It’s easy to feel a burst of happiness when you start doing something you enjoy after suffering a period of dullness and routine.  I was both interested and surprised to read the results of a recent survey of tens of thousands of people conducted over five years by the people at the app Mappiness on the activities that make people the happiest.

The activities at the top of the list such as intimacy, attending concerts and the theatre, sport and gardening are to be expected although I was surprised to see no reference to either work or technology in the top 20.

The Top 20 (rated according to the percentages indicating the average increase in happiness levels from engaging in that activity) was as follows:

1.Intimacy, making love14.20%
2.Theatre, dance, concert9.29%
Exhibition, museum, library8.77%
4.Sports, running, exercise8.12%
5.Gardening, allotment7.83%
6.Singing, performing6.95%
7.Talking, chatting, socialising6.38%
8.Birdwatching, nature watching6.28%
9.Walking, hiking6.18%
10.Hunting, fishing5.82%
11.Drinking alcohol5.73%
12.Hobbies, arts, crafts5.53%
13.Meditating, religious activities4.95%
14.Match, sporting event4.39%
15.Childcare, playing with children4.10%
16.Pet care, playing with pets3.63%
17.Listening to music3.56%
18.Other games, puzzles3.07%
19.Shopping, errands2.74%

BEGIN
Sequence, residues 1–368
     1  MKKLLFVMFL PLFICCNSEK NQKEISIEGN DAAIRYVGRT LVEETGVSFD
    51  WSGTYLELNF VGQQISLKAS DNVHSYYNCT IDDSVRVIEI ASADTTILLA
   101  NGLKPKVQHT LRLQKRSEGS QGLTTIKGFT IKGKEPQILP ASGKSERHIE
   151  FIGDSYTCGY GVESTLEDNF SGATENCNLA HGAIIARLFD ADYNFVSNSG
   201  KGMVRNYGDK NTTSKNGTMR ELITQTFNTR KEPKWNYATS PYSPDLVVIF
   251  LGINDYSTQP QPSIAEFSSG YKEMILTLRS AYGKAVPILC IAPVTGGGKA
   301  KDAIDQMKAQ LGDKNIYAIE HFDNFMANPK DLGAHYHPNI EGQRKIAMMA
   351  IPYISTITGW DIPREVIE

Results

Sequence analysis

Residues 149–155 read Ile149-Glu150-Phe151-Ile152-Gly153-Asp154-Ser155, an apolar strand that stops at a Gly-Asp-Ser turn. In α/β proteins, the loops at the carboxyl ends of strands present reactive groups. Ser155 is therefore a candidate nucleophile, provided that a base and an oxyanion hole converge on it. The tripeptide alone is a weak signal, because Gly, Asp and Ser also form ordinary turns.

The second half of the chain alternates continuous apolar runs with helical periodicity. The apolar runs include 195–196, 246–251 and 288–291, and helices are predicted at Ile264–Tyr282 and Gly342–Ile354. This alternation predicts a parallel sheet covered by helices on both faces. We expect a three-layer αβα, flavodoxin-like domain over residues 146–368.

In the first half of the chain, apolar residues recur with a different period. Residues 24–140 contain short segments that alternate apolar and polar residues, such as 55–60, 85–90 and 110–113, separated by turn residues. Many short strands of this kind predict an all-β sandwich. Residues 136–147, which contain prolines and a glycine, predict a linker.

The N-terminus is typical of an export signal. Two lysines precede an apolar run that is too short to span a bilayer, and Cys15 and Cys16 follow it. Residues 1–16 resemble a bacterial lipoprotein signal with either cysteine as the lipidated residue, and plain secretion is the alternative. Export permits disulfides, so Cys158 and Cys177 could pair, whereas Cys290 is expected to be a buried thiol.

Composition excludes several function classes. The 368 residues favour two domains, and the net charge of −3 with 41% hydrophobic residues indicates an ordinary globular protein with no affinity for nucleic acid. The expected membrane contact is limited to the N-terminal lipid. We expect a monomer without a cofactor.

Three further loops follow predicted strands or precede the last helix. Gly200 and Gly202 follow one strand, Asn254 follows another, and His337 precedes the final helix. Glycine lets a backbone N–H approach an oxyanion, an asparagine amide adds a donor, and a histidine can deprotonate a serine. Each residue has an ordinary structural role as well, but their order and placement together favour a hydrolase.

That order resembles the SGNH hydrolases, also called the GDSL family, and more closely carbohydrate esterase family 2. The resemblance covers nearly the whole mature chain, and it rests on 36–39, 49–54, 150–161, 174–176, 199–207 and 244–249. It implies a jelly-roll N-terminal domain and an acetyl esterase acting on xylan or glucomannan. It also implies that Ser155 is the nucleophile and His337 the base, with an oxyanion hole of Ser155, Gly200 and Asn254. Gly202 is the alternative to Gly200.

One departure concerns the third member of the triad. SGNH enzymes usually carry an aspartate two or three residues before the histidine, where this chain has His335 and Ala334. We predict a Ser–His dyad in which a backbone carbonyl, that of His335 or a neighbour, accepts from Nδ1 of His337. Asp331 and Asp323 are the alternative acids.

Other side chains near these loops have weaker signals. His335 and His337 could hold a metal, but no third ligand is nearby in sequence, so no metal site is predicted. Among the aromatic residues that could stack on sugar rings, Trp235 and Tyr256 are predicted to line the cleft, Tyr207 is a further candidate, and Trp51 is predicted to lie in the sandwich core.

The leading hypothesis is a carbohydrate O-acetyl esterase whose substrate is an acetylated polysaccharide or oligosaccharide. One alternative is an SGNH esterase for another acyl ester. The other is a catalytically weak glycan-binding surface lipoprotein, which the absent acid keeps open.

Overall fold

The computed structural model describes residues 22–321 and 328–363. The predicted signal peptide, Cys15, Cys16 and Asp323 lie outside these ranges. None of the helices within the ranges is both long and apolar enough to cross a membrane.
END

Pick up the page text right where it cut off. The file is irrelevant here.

20.Gambling, betting2.62%

The study which was first published in The Economic Journal (Bryson & MacKerron, 2015), referred to the creator of Mappiness, Dr George MacKerron. He reflected that the results “show that people are happier doing almost anything other than working.  Although we may be positive about our jobs when reflecting on the meaning and purpose they give us, and the money they provide, actually engaging in paid work comes at a significant psychological cost.  It appears that work is highly negatively associated with momentary wellbeing: work really is disutility, as economists have traditionally assumed. At any given moment, we would rather be doing almost anything else.”

Thank you Dr MacKerron.  I’m still surprised though and also that gaming and other activities on mobile devices didn’t feature. Perhaps the point is that both work and access to technology are now just things we have to do, not things we enjoy doing.

Published by Paul Lyons. Paul Lyons is an experienced chief executive, leadership coach and mental toughness professional and you can reach him via or via his website at

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